By Bookmarked - Wednesday, February 6, 2013 - 0 Comments
By Mark Richardson - Thursday, June 14, 2012 at 10:18 PM - 0 Comments
Trans-Canada distance: 1,392 km
Actual distance driven: 2,817 km
THEN: …There are many who
Trans-Canada distance: 1,392 km
Actual distance driven: 2,817 km
THEN: There are many who still keep fond memories of the old ferry that linked Prince Edward Island to New Brunswick, and which was officially a part of the Trans-Canada Highway.
The original Abegweit ferry could carry almost a thousand passengers (though only 60 cars) while it also broke ice during the winter on the Northumberland Strait. It was replaced in 1981 by a much larger ship that could carry 250 cars; it was also called Abegweit, the local Mi’kmaq word for Prince Edward Island, meaning “cradled on the waves.” However, as journalist Walter Stewart observed in his book “My Cross-Country Checkup,” ferrygoers often preferred to call the ship “A Big Wait,” which was frequently appropriate.
The newer ship was disposed of when the 1997 completion of the 13-kilometre Confederation Bridge made a ferry service redundant. According to Wikipedia, the ship was sold to a broker in Texas who eventually sold it to a buyer in India, and it was sailed across the Atlantic and through the Mediterranean on its last voyage, to be scrapped in India in
But the older ship found a much better fate. It was bought by the
ChicagoColumbia Yacht Club in Chicago, which had been refused permission by the city to construct a clubhouse on its stretch of waterfront. The club bought the ship, now called the Abby, and moored it permanently at its property to serve as its clubhouse. She was even given a fresh paint job a couple of years ago, so she looks good as new.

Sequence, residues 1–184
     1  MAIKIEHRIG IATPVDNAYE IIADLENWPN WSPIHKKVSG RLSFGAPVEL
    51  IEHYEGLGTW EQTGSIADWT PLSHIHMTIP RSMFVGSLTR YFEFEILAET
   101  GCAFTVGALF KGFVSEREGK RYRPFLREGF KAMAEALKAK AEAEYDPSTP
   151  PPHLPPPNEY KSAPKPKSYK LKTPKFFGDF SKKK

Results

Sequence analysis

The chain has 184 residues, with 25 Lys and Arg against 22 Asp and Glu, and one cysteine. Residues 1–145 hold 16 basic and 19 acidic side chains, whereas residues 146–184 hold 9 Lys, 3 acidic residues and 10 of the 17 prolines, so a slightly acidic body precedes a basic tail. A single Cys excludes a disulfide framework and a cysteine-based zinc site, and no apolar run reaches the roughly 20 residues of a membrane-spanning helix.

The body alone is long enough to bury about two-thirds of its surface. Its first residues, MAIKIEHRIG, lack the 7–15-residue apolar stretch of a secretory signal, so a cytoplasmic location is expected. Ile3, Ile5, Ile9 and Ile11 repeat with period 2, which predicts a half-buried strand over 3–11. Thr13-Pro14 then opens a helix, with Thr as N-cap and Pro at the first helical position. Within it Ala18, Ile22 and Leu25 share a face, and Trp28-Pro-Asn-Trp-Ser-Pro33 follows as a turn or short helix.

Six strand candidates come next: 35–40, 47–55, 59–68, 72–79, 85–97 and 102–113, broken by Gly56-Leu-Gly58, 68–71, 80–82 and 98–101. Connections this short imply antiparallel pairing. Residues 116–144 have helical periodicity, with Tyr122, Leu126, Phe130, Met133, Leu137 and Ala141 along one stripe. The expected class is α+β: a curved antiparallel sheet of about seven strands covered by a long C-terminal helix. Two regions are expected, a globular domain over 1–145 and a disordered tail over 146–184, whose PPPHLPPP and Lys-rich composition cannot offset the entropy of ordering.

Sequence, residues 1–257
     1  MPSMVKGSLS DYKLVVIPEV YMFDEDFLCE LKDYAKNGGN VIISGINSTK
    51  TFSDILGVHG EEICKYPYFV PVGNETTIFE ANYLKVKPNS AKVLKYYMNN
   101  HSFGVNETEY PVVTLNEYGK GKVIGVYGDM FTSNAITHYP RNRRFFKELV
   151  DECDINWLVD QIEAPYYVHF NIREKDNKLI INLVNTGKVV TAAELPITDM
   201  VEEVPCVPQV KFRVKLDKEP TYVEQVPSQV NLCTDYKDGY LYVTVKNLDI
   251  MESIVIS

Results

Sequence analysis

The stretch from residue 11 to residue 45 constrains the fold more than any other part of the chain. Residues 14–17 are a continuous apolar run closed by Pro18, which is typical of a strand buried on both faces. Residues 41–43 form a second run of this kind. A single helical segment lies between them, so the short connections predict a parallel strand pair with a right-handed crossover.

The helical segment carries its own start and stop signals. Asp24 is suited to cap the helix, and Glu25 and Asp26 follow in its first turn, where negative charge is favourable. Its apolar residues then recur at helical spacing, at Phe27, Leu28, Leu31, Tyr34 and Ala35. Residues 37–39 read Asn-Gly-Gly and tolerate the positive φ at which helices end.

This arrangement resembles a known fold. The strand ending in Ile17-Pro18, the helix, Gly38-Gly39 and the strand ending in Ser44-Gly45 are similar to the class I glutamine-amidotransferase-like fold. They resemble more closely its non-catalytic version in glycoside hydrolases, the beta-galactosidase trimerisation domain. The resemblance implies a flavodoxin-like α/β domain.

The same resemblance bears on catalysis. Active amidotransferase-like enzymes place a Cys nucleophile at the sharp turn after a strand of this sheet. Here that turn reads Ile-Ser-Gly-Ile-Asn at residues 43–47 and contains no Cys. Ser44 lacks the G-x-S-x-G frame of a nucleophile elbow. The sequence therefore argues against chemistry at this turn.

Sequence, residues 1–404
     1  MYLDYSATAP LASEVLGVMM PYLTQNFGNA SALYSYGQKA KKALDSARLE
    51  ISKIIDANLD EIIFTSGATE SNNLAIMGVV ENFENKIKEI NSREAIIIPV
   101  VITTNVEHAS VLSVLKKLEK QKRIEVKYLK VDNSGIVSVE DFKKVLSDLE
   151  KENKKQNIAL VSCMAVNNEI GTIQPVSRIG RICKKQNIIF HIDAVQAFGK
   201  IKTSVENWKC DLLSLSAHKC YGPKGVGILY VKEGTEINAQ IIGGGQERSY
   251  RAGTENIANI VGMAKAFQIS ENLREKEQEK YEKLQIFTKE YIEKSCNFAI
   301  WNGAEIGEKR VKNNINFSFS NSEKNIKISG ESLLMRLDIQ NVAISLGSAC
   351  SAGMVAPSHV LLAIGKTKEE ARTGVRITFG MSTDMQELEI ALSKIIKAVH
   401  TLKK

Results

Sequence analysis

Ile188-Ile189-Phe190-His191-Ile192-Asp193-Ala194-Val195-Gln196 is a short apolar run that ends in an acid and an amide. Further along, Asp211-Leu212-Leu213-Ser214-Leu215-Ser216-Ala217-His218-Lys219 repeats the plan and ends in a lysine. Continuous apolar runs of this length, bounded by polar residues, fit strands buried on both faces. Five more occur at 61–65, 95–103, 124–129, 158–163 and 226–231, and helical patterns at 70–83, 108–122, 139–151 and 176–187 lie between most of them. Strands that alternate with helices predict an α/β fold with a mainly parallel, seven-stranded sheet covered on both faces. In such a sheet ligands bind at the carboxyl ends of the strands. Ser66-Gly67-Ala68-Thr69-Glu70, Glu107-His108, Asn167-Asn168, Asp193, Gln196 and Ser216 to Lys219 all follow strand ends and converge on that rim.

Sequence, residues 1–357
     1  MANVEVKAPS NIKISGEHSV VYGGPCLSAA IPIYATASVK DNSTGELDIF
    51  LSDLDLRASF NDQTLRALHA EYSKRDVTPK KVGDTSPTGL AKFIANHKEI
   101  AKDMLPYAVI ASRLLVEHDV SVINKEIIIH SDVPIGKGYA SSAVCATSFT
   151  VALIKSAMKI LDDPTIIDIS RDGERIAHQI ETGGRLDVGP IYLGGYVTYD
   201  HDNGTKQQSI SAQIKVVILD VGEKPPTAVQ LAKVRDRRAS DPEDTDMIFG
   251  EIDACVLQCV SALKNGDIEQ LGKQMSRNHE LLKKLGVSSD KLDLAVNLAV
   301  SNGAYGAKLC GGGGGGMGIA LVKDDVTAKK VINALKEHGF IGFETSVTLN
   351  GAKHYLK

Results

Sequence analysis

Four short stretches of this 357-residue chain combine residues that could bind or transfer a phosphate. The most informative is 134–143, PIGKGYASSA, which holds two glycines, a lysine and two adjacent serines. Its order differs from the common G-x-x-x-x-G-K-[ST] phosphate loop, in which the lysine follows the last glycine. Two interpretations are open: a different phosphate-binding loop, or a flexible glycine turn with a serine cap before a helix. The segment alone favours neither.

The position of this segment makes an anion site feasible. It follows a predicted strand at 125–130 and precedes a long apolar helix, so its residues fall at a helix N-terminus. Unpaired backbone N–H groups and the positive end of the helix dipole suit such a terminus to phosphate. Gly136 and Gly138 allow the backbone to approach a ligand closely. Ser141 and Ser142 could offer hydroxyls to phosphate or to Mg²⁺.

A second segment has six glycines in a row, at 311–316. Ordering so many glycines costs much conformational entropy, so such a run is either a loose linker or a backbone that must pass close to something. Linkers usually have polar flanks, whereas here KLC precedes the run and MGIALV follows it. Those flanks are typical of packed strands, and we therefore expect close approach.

NOW: The ferry may still be remembered fondly, but Islanders won’t trade their Confederation Bridge for anything. It’s a remarkable feat of engineering that turned 15 years old on June 1.
It took four years to build the bridge, and at 13 kilometres long, it’s officially the longest bridge in the world that crosses ice-covered water. Among other bridges over water, though, it doesn’t even make the top 15 – it’s dwarfed by the longest bridge of them all, the Qingdao Haiwan bridge in China, which stretches almost 43 kilometres, followed closely in the stakes by the Lake Pontchartrain Bridge in Louisiana, at more than 38 kilometres.
The bridge is 40-to-60 metres high and 11 metres wide, with one lane each way and no overtaking allowed anywhere. Pedestrians and cyclists must travel by shuttle bus, but the guardrails are just 1.1 metres tall, giving enough space to still allow drivers a view of the strait.
It was built by the private consortium Strait Crossing Development Inc. at an estimated cost of $840 million dollars – $210 million over its initial budget. The federal government still has to pay for it, though, sending annual cheques to the consortium of $41.9 million until 2032, at which time it takes over ownership. And the consortium gets to keep the tolls till then, too.
SOMETHING DIFFERENT … When tourists think of Prince Edward Island, they think of beaches and potatoes – and Anne of Green Gables. When Japanese tourists think of Prince Edward Island, they don’t even bother with the beaches and potatoes.
Anne is huge here, and there are thousands of potential mementoes of Lucy Maud Montgomery’s red-haired, freckle-faced creation. As Walter Stewart also wrote in his book, “we have been able to avoid Anne vibrators and Green Gables garbage bags,” but pretty much everything else is available, including straw hats with built-in pigtails.